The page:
Additional downloadable apps include Acrobat reader, AVG's anti-virus, Gimp (for photo editing), and Java, should that be needed. Anyone familiar with the Linux world will find a utility to fill any nook and cranny which is another way of saying that the user won't be short of add-on software, to match the supposed depth and diversity of the Windows world.
Perhaps this is Xandros's motivation in releasing Xandros Presto Linux - it's a way for a Windows user to dip their toes in the Linux world without having to abandon the safety blanket of Windows and the assurance of being able to run familiar apps.
The slight ‘gotcha' of Xandros Presto Linux is that it costs $25.16, for a licence that allows you to install the software on five PCs
Join the newsletter!
Bitdefender’s best-in-class security solutions have been awarded Product of the Year.
Most Popular Reviews
- 1 Samsung Galaxy S9+ review: A predictably-exellent flagship uplifted by a standout camera
- 2 Panasonic Lumix G9 review: A mirrorless moulded to the needs of still-shooters
- 3 LG 65E7T Ultra HD OLED TV review: The South Korean thoroughbred is still first past the post
- 4 Hisense takes the fight to home entertainment heavyweights with flagship Series 8 and 9 ULED TVs
- 5 D-Link Omna 180 Cam HD DSH-C310 review
Latest News Articles
- Sonos say Aussie Alexa support for One smart speaker won't arrive until Autumn 2018
- Transport for NSW boosts digital experience with Amazon Alexa
- Irdeto Acquires Denuvo
- Amazon Alexa and Echo set for Febuary launch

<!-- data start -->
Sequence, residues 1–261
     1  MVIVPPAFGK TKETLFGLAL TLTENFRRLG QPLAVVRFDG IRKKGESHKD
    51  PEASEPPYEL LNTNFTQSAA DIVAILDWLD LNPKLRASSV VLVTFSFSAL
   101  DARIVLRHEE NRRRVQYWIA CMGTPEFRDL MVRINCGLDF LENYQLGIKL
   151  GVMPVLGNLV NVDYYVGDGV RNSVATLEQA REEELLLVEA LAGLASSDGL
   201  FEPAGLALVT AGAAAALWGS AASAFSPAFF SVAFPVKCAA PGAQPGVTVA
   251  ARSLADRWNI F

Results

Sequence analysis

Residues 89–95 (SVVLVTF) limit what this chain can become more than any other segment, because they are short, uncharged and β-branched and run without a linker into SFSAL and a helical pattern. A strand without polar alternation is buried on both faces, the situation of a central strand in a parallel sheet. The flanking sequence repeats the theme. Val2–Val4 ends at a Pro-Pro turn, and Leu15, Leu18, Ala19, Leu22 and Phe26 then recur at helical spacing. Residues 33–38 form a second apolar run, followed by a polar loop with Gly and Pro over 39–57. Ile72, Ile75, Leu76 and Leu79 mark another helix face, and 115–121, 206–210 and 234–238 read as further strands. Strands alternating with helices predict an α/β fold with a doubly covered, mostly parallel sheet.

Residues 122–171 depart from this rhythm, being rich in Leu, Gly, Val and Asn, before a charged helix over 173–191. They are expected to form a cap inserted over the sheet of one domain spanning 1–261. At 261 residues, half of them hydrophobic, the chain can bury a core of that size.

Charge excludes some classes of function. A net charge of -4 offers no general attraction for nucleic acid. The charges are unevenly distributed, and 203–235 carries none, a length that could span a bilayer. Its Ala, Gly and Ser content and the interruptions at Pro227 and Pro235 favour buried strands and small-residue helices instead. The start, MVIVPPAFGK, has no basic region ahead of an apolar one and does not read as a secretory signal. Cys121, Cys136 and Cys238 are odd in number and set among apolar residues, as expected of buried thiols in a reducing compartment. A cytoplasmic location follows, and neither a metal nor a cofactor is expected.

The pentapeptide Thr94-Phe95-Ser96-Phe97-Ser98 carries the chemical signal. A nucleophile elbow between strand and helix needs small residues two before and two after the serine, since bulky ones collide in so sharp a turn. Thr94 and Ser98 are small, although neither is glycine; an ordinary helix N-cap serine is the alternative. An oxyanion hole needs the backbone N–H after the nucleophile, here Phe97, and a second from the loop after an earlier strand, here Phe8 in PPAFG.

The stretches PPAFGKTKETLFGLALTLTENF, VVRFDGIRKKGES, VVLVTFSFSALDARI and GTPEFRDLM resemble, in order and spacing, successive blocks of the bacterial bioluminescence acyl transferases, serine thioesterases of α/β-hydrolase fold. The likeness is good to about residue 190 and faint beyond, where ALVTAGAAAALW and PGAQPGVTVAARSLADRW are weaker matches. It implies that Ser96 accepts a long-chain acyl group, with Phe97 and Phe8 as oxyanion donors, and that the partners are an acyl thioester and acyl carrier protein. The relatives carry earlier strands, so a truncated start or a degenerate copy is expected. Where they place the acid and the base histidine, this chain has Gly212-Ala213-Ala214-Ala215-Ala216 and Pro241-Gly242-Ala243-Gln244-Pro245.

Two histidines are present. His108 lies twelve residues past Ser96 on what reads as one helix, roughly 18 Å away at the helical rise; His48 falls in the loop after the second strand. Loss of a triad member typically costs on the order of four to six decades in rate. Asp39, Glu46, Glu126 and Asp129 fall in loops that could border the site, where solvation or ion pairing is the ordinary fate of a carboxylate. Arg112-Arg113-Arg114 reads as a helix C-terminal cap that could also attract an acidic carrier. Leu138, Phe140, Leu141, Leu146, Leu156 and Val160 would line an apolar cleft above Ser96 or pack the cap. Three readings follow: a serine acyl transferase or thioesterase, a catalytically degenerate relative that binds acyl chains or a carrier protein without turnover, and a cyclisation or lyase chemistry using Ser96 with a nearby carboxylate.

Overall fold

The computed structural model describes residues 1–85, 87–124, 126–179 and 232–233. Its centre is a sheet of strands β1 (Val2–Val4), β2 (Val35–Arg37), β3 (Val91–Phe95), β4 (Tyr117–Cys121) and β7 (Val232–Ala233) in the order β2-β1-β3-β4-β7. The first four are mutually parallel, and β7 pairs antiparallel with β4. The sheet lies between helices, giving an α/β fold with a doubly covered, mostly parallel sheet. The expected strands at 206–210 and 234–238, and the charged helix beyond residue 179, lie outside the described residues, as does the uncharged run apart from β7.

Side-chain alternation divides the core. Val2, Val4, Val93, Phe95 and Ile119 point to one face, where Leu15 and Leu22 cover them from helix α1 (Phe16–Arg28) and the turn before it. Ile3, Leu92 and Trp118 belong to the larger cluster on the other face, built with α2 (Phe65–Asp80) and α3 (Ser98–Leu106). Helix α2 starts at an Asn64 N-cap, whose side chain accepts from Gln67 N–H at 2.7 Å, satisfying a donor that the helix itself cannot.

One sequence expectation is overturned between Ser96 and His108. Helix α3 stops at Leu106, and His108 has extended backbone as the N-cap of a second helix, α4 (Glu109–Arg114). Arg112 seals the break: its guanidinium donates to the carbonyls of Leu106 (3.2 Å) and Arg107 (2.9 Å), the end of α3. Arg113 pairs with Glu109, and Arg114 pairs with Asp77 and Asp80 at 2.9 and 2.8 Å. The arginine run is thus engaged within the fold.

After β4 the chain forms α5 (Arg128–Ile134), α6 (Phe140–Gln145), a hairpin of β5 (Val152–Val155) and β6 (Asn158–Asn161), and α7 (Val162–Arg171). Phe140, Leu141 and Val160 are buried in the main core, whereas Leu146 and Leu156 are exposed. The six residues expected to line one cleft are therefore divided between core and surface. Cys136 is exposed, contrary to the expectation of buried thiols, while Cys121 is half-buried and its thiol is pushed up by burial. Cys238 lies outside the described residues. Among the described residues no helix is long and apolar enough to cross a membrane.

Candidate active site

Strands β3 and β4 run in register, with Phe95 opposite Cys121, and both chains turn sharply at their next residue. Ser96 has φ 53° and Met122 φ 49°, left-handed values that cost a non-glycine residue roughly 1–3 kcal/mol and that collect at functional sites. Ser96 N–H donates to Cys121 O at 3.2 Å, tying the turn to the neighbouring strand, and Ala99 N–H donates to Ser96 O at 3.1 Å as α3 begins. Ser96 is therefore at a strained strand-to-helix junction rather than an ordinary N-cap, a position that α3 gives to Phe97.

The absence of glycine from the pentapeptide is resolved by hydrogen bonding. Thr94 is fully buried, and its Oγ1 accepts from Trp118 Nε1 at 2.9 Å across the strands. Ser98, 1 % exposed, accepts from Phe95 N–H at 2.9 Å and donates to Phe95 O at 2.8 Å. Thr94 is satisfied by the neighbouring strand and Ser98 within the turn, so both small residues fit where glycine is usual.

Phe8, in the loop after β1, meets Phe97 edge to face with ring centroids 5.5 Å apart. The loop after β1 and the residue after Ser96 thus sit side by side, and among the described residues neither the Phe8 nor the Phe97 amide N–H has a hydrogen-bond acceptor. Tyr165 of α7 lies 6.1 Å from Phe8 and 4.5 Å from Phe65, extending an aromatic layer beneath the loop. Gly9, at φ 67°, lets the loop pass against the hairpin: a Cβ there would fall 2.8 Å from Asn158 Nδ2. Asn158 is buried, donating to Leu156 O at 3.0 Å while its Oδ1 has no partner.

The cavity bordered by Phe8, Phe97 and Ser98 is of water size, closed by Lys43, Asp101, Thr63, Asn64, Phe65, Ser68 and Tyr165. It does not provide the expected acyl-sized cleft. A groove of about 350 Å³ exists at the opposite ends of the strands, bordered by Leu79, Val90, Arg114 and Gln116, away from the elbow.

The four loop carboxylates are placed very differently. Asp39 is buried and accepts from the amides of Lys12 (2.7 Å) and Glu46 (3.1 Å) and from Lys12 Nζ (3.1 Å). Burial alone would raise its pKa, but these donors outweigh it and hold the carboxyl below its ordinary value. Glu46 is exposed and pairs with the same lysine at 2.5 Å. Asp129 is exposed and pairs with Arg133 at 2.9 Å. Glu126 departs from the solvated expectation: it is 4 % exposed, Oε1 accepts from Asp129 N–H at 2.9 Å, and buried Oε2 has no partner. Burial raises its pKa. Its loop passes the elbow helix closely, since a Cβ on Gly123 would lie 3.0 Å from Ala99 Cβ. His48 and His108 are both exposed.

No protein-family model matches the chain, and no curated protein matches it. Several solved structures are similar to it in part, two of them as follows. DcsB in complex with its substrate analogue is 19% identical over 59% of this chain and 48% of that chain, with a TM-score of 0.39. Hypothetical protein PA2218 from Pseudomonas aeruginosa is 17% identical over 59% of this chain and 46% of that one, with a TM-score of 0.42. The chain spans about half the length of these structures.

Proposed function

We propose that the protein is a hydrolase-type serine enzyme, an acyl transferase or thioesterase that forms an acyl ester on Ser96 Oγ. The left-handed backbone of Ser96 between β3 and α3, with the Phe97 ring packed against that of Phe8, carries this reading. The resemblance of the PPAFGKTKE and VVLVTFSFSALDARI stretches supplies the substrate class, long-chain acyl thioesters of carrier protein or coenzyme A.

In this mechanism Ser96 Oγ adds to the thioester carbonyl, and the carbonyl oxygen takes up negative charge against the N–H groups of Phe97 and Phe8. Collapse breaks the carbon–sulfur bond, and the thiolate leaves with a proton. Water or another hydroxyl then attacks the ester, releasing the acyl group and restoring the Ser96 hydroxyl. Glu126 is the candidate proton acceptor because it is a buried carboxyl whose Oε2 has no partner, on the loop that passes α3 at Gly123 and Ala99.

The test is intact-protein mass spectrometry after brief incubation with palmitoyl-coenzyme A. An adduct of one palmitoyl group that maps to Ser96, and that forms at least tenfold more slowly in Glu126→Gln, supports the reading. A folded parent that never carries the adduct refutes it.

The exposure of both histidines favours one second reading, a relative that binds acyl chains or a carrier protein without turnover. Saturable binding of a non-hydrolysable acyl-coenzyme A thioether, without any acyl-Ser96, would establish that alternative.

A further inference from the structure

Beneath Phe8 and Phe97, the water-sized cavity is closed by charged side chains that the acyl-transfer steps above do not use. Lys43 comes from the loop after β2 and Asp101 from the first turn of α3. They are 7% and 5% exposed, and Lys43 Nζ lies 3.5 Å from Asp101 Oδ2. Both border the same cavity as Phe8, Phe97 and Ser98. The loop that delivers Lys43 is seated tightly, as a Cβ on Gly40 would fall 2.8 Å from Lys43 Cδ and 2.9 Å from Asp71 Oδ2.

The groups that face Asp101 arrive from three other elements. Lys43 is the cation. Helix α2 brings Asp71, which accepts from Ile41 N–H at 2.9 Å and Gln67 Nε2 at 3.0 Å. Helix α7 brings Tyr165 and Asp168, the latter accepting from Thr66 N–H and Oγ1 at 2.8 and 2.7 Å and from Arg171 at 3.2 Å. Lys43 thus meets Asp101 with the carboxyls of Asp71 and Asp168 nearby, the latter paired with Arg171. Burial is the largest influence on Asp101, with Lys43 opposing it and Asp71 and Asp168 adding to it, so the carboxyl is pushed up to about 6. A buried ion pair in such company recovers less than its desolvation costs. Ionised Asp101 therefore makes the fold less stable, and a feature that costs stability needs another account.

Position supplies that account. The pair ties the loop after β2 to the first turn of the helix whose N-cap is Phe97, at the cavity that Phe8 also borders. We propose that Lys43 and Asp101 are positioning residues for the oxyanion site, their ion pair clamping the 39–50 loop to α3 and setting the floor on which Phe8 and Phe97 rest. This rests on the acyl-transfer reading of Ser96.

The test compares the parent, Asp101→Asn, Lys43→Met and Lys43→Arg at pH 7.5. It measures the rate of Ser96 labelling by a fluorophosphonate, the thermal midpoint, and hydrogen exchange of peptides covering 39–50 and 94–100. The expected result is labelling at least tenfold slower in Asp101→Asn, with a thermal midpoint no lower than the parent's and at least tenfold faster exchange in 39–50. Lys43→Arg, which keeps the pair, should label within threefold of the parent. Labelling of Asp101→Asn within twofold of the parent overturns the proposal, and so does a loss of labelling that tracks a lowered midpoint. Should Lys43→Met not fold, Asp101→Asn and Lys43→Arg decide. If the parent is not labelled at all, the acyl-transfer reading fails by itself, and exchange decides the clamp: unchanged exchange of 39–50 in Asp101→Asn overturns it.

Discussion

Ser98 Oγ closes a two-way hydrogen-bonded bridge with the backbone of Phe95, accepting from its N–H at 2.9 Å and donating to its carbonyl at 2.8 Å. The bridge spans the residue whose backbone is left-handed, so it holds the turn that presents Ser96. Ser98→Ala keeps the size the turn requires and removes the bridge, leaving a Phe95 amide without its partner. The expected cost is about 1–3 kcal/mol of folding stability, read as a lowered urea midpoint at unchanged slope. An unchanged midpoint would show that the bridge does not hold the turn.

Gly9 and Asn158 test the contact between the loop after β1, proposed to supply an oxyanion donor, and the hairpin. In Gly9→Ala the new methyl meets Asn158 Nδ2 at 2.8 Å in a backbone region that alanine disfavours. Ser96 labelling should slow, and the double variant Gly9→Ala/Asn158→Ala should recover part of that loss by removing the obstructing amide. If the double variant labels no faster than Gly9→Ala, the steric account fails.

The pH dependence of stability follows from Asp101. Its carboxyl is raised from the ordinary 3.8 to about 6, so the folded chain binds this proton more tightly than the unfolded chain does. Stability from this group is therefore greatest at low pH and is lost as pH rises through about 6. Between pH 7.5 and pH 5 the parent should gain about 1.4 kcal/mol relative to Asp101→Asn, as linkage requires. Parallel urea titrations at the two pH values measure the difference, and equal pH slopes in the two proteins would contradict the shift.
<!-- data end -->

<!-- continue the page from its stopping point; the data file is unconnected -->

- Officeworks hops on voice interface bandwagon with Google Assistant integration
PCW Evaluation Team
The printer was convenient, produced clear and vibrant images and was very easy to use
I would recommend this device for families and small businesses who want one safe place to store all their important digital content and a way to easily share it with friends, family, business partners, or customers.
It’s easy to set up, it’s compact and quiet when printing and to top if off, the print quality is excellent. This is hands down the best printer I’ve used for printing labels.
Brainstorming, innovation, problem solving, and negotiation have all become much more productive and valuable if people can easily collaborate in real time with minimal friction.
The print quality also does not disappoint, it’s clear, bold, doesn’t smudge and the text is perfectly sized.
The Huddle Board’s built in program; Sharp Touch Viewing software allows us to easily manipulate and edit our documents (jpegs and PDFs) all at the same time on the dashboard.
- Samsung Galaxy S9+ review: A predictably-exellent flagship uplifted by a standout camera
- Five 2017 flagship smartphones that are now less than $900
- Hands On: Pitting the Apple HomePod against the Sonos One
- Which flagship TV is best? Sony 4K HDR Bravia 2016 versus LG 4K HDR OLED 2016
- 10 Blu-ray movies / Best looking Blu-ray movies
- FTReporting Business Analyst - $62 phOther
- FTData Analyst/DeveloperNSW
- CCUDS DeveloperNSW
- FTProject Manager - Infrastructure ProjectsNSW
- FTLevel 2 Support EngineerVIC
- FTLead ETL DeveloperOther
- CCTest ManagerQLD
- FTSenior Security SpecialistOther
- CCDesktop Support Technician - Karratha basedWA
- FTHR Business PartnerOther
- FTDesktop Engineer (Windows 10)Other
- FTEnterprise Application AdministratorQLD
- FTPrinciple Health Sales Executive - Enterprise IT Healthcare Perm - Syd / MelbNSW
- CCWindows System EngineerNSW
- FTLead DevOps EngineerNSW
- FTIntegration ArchitectOther
- CCFull Stack Web DeveloperQLD
- FTMarketing Analyst - $60 phOther
- FTSecurity ManagerOther
- FTServer EngineerSA
- FTTechnical WriterOther
- CCAutomation & Robotics Support Analyst - Contract - Sydney CBDNSW
- CCOracle Service Bus DeveloperNSW
- CCScrum MasterACT
- FTData ScientistOther